I don’t mean to pick on Ms. Marcus; there have been many other similar statements made by others.  What concerns me is that this sort of “lore” takes on a life of its own.  I think there is in consequence a real risk that we will end up doing to ourselves more, in terms of economic loss, and loss of privacy and freedom, than the terrorists could ever hope to do.

 


Junking the Threat Colors

November 26, 2010

According to an article in the New York Times, the Department of Homeland Security [DHS] has decided to do away with its color-coded system for indicating terrorist threat levels, in place since 2002.  This is a good thing — the whole thing was more or less a joke from the beginning, principally because it didn’t convey any useful information.  (What am I supposed to do differently when it’s Orange as opposed to Yellow?)   That the levels have not changed in three years would also suggest that the system lacks something in terms of communicating useful and current information.

The color-coded threat levels were doomed to fail because “they don’t tell people what they can do — they just make people afraid,” said Bruce Schneier, an author on security issues.

There is also, I think, a natural bias in a system like this: when in doubt, keep the alert level high, for backside protection reasons.  If the announced threat level is low, and there is an attack, it makes the security agency look bad.

DHS is working on a new system that is supposed to provide more in the way of useful infortmation.

“The goal is to replace a system that communicates nothing,” the agency said, “with a partnership approach with law enforcement, the private sector and the American public that provides specific, actionable information based on the latest intelligence.”

We shall see.


Adobe Releases Reader X

November 25, 2010

Back in October, I posted a note about an announcement from Adobe of new versions of their popular Reader and Acrobat software, which would incorporate a security technology known as sandboxing.   The idea of the sandbox is to isolate the processing of potentially untrustworthy content from the rest of the application.   Google’s Chrome browser, for example, uses sandboxing to isolate plugin processing.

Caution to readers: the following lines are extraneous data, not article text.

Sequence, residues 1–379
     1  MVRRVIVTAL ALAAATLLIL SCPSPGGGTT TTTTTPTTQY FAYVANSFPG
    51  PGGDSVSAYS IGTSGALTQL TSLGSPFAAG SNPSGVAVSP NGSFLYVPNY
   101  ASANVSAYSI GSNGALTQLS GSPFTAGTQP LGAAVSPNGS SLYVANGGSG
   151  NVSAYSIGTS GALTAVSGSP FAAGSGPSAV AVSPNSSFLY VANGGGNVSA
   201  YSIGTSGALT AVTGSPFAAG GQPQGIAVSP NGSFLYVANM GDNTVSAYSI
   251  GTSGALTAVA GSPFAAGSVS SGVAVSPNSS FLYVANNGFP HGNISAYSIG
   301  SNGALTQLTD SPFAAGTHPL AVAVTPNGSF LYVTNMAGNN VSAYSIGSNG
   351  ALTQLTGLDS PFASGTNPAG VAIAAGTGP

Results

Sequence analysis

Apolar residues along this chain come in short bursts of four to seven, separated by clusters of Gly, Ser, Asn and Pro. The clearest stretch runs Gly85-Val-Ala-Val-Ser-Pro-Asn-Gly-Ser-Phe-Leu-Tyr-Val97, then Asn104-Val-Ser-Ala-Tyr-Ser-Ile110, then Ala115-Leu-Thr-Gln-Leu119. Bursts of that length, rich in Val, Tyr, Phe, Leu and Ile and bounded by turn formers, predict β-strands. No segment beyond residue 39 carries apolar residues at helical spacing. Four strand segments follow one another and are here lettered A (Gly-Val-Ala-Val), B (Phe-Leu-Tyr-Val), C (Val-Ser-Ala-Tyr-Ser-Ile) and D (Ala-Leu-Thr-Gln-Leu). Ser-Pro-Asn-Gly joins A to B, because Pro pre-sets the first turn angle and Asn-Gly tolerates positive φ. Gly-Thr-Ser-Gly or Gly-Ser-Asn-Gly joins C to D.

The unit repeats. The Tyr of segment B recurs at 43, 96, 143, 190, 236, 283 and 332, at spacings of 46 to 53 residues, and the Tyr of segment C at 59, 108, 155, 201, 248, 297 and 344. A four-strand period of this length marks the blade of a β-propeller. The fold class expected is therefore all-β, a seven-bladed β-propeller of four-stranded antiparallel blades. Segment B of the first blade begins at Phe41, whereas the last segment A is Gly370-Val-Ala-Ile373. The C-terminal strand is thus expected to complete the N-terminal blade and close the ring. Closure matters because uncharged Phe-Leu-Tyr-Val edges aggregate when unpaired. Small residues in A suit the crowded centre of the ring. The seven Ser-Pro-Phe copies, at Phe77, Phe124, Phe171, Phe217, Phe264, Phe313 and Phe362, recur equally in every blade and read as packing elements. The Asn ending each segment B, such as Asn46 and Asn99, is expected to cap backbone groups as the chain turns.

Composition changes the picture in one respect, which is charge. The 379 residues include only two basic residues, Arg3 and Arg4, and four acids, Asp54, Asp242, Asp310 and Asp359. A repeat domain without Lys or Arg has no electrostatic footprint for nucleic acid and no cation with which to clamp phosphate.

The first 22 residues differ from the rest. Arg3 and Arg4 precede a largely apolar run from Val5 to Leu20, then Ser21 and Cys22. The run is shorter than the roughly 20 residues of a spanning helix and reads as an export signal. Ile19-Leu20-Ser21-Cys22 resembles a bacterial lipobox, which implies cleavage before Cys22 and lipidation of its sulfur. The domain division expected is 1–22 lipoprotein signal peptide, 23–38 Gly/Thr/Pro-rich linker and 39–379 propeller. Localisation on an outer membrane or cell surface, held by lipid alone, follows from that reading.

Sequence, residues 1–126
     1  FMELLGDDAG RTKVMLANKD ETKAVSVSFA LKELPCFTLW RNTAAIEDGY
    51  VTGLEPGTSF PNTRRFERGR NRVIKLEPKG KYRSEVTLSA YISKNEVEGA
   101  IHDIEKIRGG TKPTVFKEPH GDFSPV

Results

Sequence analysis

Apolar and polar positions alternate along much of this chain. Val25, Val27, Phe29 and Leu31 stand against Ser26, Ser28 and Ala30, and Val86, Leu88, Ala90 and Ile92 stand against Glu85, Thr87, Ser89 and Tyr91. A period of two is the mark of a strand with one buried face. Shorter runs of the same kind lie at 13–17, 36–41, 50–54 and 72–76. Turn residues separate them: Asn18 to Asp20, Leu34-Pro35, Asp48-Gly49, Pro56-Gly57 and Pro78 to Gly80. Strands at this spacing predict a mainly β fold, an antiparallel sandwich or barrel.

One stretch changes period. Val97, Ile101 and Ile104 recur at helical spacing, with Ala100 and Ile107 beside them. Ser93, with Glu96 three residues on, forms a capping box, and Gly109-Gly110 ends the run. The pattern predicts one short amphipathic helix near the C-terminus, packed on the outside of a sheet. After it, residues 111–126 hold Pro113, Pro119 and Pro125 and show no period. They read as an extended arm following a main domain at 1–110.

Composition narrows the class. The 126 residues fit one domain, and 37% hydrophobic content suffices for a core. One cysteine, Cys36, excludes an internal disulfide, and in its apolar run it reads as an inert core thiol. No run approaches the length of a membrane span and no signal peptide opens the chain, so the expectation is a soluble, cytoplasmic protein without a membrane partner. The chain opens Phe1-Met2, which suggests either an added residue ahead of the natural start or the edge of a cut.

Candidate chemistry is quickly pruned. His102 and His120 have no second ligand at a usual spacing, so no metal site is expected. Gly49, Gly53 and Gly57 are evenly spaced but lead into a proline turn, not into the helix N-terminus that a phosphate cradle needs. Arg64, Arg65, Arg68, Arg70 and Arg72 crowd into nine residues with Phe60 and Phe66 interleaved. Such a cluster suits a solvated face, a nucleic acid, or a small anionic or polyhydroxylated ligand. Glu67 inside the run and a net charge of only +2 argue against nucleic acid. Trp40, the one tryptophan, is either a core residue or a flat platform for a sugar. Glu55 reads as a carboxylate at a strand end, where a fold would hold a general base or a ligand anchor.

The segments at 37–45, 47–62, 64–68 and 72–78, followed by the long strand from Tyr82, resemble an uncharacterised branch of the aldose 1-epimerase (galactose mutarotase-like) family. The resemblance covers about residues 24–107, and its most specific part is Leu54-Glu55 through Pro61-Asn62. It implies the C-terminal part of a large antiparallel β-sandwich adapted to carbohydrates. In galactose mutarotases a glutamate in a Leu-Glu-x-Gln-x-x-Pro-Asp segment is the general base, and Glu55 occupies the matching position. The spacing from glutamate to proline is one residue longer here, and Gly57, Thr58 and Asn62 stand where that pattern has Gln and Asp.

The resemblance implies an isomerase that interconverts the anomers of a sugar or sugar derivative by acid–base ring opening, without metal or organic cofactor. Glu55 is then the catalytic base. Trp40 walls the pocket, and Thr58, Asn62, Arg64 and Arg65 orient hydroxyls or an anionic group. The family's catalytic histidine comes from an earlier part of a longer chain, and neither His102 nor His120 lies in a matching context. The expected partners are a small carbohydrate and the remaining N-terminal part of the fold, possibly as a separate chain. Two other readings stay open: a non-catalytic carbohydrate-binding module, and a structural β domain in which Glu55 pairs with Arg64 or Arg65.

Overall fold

Adobe has now released the new Reader X version for the Windows, Mac OS X, and Android platforms.  (I have not been been able to find a release schedule for Linux/UNIX.)   The release announcement on Adobe’s blog contains some additional information; it also contains links to oter blog posts that discuss the technical implementation of the sandbox in some detail.  You can get the installation packages for the new version from Adobe’s standard download page.

Bear in mind that this is a totally new version of Reader, and is distinct from the security update (to version 9.4.1) that I wrote about a couple of days ago.  I suggest that you make sure that you have that update installed, and continue to use that version for work you need to get done.  I do recommend, for Windows users especially, getting a copy of Reader X and testing it, since I think that the concept of sandboxing is a good one.  However, major changes like this are very seldom entirely free of problems at the beginning, and in fact some conflicts with certain third-party security products have been reported.  I think doing come testing before committing to the new version is only prudent.

Update Friday, 26 November, 11:05 EST

Brian Krebs also has a post on this new version at his “Krebs on Security” blog.


Apple Releases Safari 5.0.3

November 23, 2010

Apple has released updated versions of its Safari Web browser, in order to address a number of security vulnerabilities, and to fix other bugs.  The primary new version, 5.0.3, is available for Windows XP, Vista, and 7, and for Mac OS X versions 10.5.x and 10.6.x.    Apple’s release information page has more details on what’s included in the new version; the related “Security Content” article has details of the vulnerabilities being patched.

The new version, which I recommend installing as soon as you conveniently can, should be available through Apple’s Software Update mechanism; alternatively, the new versions can be obtained from Apple’s Support Downloads page.